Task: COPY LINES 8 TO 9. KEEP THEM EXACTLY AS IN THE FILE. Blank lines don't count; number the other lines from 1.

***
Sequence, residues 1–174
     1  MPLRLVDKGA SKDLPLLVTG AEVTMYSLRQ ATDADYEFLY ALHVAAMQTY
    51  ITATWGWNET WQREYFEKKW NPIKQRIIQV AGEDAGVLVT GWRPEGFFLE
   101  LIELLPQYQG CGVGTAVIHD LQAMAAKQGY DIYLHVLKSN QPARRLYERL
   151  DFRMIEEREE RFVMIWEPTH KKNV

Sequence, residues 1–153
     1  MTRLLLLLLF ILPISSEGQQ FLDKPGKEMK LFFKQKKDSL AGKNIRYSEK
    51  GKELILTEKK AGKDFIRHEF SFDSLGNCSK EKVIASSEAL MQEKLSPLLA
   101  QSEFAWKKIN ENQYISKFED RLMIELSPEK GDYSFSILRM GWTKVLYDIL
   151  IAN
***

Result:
    51  GKELILTEKK AGKDFIRHEF SFDSLGNCSK EKVIASSEAL MQEKLSPLLA
   101  QSEFAWKKIN ENQYISKFED RLMIELSPEK GDYSFSILRM GWTKVLYDIL